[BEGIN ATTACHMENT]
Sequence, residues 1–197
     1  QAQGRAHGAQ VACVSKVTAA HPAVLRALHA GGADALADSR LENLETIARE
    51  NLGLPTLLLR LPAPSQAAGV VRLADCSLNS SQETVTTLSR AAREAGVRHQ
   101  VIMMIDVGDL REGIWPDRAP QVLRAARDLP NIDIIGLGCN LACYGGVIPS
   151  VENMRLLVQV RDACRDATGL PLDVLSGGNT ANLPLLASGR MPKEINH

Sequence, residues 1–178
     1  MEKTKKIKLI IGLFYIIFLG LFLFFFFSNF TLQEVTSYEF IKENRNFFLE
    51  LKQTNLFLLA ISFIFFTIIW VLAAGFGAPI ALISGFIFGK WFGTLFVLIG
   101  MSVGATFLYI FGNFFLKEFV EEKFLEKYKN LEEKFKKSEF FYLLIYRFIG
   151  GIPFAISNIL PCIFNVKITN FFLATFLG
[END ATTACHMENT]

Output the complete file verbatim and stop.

Sequence, residues 1–197
     1  QAQGRAHGAQ VACVSKVTAA HPAVLRALHA GGADALADSR LENLETIARE
    51  NLGLPTLLLR LPAPSQAAGV VRLADCSLNS SQETVTTLSR AAREAGVRHQ
   101  VIMMIDVGDL REGIWPDRAP QVLRAARDLP NIDIIGLGCN LACYGGVIPS
   151  VENMRLLVQV RDACRDATGL PLDVLSGGNT ANLPLLASGR MPKEINH

Sequence, residues 1–178
     1  MEKTKKIKLI IGLFYIIFLG LFLFFFFSNF TLQEVTSYEF IKENRNFFLE
    51  LKQTNLFLLA ISFIFFTIIW VLAAGFGAPI ALISGFIFGK WFGTLFVLIG
   101  MSVGATFLYI FGNFFLKEFV EEKFLEKYKN LEEKFKKSEF FYLLIYRFIG
   151  GIPFAISNIL PCIFNVKITN FFLATFLG